Today's Google Doodle is a delightful coding tutorial, reminding us if we need reminding, that today marks the start of Computer Science Education Week. Today's Doodle was developed through the close teamwork of not one or two but THREE teams: the Google Doodle team, Google Blockly team, and researchers from MIT Scratch!
That's not so different from how kids coding language Logo worked.
Blockly is another visual coding editor, that is not just created to be kid friendly.
Researchers and experts at MIT developed both Logo and Scratch, which builds on Logo creators' ideas about kids coding and using computers. Papert and his colleagues, had realised the potential of computer, way back then and had known that in some years it would evolve as an instrumental tool and would help children to learn new things.
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"Google's Programming for non-programmers" effort is part of Computer Science Education Week (Dec. 4-10), which is held in honor of and is created to get everyone, but especially students, to try just an hour of code.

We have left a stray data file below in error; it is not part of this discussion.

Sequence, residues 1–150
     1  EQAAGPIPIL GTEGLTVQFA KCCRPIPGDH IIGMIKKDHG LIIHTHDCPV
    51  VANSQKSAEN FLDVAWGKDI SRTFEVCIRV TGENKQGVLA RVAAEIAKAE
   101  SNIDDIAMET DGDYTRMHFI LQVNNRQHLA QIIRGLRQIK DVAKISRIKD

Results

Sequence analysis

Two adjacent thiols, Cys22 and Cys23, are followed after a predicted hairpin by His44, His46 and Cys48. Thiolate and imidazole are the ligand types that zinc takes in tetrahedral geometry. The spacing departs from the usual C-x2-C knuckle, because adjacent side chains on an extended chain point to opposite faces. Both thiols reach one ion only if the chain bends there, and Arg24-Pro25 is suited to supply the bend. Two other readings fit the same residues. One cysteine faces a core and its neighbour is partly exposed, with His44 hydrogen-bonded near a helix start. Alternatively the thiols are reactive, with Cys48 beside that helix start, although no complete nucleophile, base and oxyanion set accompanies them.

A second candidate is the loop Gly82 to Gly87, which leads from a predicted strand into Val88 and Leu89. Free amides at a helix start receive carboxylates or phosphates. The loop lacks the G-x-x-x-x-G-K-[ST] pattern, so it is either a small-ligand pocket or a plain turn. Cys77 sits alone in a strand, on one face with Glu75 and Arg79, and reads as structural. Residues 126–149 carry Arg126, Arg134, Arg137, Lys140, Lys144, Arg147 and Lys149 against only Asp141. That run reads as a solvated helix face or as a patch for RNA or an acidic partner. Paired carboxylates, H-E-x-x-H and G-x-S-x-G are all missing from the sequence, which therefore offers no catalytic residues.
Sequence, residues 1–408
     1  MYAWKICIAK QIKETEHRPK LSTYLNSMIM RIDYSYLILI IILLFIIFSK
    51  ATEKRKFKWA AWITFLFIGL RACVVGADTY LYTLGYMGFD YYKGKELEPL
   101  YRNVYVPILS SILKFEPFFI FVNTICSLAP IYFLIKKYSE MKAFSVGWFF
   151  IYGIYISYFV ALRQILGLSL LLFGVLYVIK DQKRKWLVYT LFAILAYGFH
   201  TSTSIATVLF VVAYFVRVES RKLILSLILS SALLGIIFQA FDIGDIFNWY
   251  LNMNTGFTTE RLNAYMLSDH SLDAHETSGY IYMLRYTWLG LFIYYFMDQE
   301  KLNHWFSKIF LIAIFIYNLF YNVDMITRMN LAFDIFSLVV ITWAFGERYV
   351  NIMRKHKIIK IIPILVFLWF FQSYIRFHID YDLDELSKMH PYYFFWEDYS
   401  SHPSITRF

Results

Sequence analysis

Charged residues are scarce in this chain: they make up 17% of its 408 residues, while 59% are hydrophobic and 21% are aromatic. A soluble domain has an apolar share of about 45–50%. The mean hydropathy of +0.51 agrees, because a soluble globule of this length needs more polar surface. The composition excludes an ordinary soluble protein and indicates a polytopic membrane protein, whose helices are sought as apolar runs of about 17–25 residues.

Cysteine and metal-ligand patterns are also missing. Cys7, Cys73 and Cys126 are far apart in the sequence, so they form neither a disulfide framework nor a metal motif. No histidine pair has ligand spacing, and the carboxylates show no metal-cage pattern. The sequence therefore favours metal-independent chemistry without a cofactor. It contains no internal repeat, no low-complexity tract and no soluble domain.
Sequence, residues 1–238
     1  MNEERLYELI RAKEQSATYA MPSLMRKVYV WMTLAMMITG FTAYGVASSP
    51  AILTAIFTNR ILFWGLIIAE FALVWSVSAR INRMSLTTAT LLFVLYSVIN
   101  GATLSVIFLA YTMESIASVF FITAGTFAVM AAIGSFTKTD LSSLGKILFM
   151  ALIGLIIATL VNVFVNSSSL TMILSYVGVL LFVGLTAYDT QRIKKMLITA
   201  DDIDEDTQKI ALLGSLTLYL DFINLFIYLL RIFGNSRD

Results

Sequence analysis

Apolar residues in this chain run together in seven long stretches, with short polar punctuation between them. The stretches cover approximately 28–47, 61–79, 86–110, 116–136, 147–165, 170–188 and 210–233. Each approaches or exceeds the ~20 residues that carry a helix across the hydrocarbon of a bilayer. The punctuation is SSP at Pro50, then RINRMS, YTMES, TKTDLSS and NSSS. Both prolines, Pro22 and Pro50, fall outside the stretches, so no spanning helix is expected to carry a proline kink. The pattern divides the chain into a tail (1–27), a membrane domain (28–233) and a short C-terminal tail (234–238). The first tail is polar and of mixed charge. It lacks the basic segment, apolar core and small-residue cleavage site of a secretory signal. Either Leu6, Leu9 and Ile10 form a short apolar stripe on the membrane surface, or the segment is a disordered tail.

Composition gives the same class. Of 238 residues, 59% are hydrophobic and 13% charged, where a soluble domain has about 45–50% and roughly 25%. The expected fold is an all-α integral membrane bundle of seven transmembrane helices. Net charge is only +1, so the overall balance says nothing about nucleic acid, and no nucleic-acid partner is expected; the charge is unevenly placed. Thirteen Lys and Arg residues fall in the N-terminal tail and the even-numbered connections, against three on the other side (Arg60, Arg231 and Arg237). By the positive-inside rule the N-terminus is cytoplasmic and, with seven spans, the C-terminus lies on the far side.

The doodle is a mini-game that essentially allows you to "program" how a small block bunny moves on the page. "It's created to be less intimidating than typical programming languages, but just as powerful and expressive", she writes. "In fact, even in the 1980s when I wrote my first lines of code, my working-class parents questioned how coding would ever benefit their nine-year-old daughter".
At Google's invitation, Fernando has written a detailed post on the history and importance of kids coding languages.
Be it Veterans Day, Saint Patrick's Day, Thanksgiving or Halloween-each Google Doodle, the bespoke images and videos that head the popular search engine throughout the year, comes with a message. They can also share their projects in an online community with millions of other kids around the world. "It makes me happy to think of all of the nine-year-olds who will get their first coding experience playing with today's Doodle", said Champika Fernando, Director of Communications, Scratch Team.